List of All Child Behavior Disorders
Are you looking for a list of child behavior disorders? You’ll find a comprehensive list of child behavior disorders below; but first, let’s briefly examine what they are.
Child behavior disorders involve extreme, problematic behaviors that are disruptive at best and aggressive, even harmful, at worst. To be considered a diagnosable disorder, a child’s behavior must be more disorderly and last longer (usually six months or more) than the misbehavior, tantrums, and “naughty” behavior that all kids engage in from time to time. Often, discipline methods that are successful with other kids don’t work at all for a child with a behavior disorder.
If you’re struggling with a child who has behavior problems like lying, stealing, threatening, harming themselves or others, relentless arguing, and strong temper tantrums, this comprehensive list of child behavior disorders could be helpful in sorting out what your child is experiencing and communicating your concerns to your child’s doctor. The list is divided into categories. Disorders in the first category are considered behavior disorders by the American Psychiatric Association’s DSM-5, their official manual of mental disorders. Others have a disruptive behavior component but don’t predominantly relate to behavior.
Regardless of how they’re categorized, these child behavior disorders are tough to deal with. Let this list be your guide in learning about your child’s intense, negative behavior.
Disruptive, Impulse-Control, and Conduct Disorders
What all behavior disorders have in common are problems in emotional and/or behavioral self-control. However, disruptive, impulse-control, and conduct disorders violate the rights of others through aggression, destruction of property, etc. These include oppositional defiant disorder, intermittent explosive disorder, and conduct disorder.
Oppositional defiant disorder (ODD). ODD involves anger and irritability. Children with ODD are argumentative, defiant, and vindictive but are not willfully aggressive toward others or physically harmful.
Intermittent explosive disorder. A child with this behavior disorder is impulsive and aggressive, as seen in explosive tantrums, fights, and verbal arguments. Children come close to, but stop short of, causing physical harm to someone or destroying property.
Conduct disorder. Conduct disorder is considered by many to be the most frightening of all child behavior disorders. Children with this illness are aggressive and potentially harmful to others, even using weapons to cause physical harm. They’re destructive and deceitful, and they violate rules and do what they want, even before the teen years.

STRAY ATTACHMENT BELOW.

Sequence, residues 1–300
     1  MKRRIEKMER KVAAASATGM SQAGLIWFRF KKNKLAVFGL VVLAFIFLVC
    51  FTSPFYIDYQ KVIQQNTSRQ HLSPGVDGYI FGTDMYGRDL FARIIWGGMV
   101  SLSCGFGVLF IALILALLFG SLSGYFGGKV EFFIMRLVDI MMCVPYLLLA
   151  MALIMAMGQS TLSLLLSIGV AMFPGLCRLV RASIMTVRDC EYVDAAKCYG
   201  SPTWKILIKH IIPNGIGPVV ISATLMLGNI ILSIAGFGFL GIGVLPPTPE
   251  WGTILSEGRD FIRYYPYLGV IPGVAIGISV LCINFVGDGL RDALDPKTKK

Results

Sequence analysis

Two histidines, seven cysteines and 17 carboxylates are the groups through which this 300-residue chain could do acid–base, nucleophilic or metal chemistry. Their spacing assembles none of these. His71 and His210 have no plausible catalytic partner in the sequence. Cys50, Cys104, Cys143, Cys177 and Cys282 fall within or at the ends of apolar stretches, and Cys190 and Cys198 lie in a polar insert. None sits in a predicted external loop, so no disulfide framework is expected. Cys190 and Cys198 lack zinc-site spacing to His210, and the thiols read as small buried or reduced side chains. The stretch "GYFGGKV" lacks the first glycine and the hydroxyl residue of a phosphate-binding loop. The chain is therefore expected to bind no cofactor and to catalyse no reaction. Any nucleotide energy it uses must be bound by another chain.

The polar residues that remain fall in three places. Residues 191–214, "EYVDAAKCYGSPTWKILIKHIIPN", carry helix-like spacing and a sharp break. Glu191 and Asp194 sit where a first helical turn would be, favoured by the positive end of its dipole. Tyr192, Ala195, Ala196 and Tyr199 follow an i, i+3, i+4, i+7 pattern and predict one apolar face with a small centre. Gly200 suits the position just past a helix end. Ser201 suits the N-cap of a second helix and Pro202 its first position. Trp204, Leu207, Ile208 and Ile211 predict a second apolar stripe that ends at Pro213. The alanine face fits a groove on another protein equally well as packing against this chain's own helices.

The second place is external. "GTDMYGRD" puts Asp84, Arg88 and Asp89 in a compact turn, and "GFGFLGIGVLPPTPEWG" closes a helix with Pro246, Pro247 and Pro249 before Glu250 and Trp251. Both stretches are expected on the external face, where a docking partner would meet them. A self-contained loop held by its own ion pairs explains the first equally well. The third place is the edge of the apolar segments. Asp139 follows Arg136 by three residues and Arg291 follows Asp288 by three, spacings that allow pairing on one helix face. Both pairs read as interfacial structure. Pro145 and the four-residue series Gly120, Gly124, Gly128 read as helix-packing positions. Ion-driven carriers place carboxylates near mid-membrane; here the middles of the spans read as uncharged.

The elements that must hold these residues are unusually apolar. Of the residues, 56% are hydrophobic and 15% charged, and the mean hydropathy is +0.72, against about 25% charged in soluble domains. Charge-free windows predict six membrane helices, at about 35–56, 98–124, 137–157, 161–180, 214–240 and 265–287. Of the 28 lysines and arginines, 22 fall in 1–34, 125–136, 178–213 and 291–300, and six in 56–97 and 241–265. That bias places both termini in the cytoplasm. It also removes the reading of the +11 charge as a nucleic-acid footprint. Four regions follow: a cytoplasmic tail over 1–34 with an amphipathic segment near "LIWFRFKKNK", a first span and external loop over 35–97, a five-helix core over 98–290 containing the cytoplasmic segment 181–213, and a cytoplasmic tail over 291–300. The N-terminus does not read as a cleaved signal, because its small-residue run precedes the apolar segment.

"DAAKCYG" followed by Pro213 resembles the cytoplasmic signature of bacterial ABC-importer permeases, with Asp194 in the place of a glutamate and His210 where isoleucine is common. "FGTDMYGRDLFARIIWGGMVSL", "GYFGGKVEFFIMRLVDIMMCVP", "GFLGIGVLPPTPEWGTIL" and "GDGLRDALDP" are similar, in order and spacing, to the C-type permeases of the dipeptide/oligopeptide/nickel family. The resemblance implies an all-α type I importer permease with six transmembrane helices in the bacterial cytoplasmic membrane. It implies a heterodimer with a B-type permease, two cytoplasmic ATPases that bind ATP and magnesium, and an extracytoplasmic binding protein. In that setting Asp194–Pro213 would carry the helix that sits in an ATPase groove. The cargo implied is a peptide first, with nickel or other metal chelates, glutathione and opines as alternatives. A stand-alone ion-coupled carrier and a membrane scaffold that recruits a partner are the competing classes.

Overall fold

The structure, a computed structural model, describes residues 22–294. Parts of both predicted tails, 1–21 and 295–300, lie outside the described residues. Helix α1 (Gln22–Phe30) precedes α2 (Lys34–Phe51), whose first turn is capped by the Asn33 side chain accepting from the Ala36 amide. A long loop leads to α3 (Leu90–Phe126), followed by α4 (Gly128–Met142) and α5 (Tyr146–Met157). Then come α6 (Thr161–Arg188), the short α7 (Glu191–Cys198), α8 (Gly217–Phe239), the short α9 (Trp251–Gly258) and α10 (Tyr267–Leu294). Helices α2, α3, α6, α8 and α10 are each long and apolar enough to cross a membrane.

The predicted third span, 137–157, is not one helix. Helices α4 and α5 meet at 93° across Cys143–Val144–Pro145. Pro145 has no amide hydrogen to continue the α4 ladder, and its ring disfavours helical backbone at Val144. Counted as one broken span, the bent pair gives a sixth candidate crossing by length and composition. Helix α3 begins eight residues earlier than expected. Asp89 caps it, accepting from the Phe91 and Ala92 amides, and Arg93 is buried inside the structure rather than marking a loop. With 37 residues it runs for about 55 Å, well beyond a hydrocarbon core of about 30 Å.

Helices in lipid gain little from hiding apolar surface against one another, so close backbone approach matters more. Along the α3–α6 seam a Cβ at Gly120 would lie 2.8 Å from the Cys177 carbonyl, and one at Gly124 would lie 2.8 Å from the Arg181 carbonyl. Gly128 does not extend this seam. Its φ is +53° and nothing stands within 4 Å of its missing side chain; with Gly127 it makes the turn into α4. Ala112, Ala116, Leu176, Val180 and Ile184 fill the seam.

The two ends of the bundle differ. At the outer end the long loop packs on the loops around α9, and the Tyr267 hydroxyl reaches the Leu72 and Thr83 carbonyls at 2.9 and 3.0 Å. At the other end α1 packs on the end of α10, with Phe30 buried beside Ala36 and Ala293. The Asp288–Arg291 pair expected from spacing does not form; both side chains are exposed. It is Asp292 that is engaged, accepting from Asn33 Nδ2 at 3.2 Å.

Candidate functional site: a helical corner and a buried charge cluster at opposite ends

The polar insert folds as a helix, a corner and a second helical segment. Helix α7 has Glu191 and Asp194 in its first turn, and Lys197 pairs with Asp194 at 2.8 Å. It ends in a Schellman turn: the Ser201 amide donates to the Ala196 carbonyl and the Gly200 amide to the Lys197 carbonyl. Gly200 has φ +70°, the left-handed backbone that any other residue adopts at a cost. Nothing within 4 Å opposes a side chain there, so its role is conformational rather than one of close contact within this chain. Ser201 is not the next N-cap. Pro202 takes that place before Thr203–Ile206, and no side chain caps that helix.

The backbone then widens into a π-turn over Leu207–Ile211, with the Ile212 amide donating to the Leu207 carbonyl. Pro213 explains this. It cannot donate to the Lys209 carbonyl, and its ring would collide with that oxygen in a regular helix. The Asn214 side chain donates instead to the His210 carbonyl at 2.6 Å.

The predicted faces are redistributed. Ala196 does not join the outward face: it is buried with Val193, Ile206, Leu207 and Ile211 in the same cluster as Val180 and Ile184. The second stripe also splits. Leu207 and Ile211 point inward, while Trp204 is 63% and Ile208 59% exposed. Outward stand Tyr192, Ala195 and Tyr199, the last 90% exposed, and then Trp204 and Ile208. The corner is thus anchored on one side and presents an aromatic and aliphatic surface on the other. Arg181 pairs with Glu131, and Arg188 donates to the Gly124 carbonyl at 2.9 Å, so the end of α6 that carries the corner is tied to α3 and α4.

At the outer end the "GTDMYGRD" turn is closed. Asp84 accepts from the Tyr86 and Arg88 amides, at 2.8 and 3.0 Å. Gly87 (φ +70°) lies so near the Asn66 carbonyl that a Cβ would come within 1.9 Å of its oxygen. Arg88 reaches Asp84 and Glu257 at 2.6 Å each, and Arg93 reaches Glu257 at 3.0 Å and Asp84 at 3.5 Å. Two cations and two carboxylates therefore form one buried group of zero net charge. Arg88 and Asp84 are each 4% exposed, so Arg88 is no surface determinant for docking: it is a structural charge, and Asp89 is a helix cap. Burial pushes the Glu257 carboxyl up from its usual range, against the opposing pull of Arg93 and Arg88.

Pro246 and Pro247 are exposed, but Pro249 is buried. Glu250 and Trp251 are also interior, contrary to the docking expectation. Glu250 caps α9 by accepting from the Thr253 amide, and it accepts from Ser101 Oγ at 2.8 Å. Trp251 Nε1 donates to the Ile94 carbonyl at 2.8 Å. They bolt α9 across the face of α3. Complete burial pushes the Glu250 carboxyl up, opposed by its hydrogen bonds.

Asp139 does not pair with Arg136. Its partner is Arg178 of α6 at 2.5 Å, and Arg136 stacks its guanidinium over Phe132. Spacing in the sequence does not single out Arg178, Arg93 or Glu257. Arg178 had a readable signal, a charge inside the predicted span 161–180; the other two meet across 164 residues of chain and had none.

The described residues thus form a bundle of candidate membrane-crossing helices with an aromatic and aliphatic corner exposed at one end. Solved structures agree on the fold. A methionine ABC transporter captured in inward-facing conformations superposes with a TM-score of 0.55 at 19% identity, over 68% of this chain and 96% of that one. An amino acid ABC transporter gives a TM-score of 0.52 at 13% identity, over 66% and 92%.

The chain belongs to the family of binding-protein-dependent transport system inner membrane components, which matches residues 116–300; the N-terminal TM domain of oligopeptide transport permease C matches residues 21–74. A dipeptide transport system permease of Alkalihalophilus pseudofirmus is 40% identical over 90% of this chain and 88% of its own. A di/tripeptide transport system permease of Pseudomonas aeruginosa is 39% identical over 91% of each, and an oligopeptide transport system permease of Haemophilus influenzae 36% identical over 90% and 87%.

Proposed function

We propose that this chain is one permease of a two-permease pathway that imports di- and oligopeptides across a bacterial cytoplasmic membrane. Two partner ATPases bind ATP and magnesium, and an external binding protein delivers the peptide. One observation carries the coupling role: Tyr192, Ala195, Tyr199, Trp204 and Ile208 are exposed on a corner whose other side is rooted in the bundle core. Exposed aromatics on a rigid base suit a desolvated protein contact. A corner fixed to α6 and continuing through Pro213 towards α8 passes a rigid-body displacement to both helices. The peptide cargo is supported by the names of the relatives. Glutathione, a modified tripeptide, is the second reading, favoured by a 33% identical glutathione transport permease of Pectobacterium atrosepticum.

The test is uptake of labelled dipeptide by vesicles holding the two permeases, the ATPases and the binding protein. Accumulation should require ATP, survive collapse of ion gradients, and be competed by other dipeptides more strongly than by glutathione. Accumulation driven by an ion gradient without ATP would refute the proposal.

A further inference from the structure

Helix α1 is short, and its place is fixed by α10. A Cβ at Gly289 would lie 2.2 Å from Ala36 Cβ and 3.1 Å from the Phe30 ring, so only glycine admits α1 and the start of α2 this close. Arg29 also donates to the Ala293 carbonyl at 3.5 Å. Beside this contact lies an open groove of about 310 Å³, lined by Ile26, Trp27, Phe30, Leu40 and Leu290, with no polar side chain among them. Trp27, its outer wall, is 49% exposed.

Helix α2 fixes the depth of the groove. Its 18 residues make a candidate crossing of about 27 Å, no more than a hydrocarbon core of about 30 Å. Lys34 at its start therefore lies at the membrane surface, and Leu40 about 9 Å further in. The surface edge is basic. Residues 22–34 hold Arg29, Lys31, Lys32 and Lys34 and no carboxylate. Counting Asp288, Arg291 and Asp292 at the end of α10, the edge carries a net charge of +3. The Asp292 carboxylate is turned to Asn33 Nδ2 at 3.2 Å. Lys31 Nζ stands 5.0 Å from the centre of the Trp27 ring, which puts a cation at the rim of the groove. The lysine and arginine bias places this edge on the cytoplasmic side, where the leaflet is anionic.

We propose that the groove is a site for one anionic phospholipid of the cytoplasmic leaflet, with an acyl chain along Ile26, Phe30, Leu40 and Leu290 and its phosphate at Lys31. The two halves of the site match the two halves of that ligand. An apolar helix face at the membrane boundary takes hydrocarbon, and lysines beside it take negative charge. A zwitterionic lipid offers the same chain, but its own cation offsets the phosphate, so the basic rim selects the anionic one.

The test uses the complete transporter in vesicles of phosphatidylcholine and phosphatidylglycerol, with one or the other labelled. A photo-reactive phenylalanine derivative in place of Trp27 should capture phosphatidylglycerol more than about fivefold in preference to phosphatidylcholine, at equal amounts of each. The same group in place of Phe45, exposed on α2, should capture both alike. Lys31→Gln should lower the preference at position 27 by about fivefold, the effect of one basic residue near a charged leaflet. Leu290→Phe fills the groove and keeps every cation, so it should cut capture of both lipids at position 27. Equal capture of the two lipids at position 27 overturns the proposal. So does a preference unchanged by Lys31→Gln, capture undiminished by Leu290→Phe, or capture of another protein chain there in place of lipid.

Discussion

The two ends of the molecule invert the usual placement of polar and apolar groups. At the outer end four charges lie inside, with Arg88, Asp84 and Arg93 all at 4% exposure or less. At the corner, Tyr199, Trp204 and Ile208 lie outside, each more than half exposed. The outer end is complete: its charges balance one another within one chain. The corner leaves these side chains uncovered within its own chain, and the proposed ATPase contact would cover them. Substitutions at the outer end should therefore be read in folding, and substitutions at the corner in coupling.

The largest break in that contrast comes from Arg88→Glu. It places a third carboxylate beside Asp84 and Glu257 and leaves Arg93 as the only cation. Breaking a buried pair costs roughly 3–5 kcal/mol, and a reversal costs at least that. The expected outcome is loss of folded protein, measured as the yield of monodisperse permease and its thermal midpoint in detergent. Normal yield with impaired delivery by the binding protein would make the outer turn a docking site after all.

Attention-deficit/hyperactivity disorder (ADHD). Because of the hyperactivity and impulsivity component of ADHD, kids can seem intentionally disruptive and oppositional. However, the problem isn’t behavioral but instead is neurological, impacting the brain’s executive functioning.
Autism spectrum disorder (ASD). Autism is not a behavior disorder, but, depending on the child, it can be disruptive and have a behavioral component. This typically involves outbursts or resistance that aligns with the child’s symptoms.
Specific learning disorder. There are different types of learning disorders. Rarely does a learning problem have a disruptive behavior component. Like the other neurodevelopmental disorders here, learning disorders can cause frustration, causing irritability, general acting out, and provoking arguments with others. Sometimes, children want to hide their learning struggles, so they misbehave as a cover-up.
Anxiety and Mood Disorders
Generalized, social, and other anxiety disorders. Children with one or more anxiety disorders often feel in distress, and when they’re in a situation that elevates their anxiety, they may become disruptive (throwing tantrums and having meltdowns) and oppositional. The purpose is not to misbehave but to avoid or escape the stressful situation.
Disruptive mood dysregulation disorder (DMDD). Kids with DMDD are almost always irritable and angry. They also have frequent temper outbursts involving verbal rage and physical aggression.
Bipolar disorder. While this disorder involving disruptive mood swings from depression to mania can be diagnosed in children, it is done so only with caution. In kids, components of the manic side of bipolar disorder look like many other behavior disorders: hyperactivity, aggression, impulsiveness, and socially inappropriate behavior.
A child with a behavior disorder causes significant, ongoing, problems for parents, siblings. teachers, and anyone else in the child’s life. These behaviors extend far past childhood problem behaviors. Seeking professional help for your child, yourself, and your family is important in managing child behavior disorders.
Peterson, T. (2019, August 7). List of All Child Behavior Disorders, HealthyPlace. Retrieved on 2020, February 25 from https://www.healthyplace.com/parenting/behavior-disorders/list-of-all-child-behavior-disorders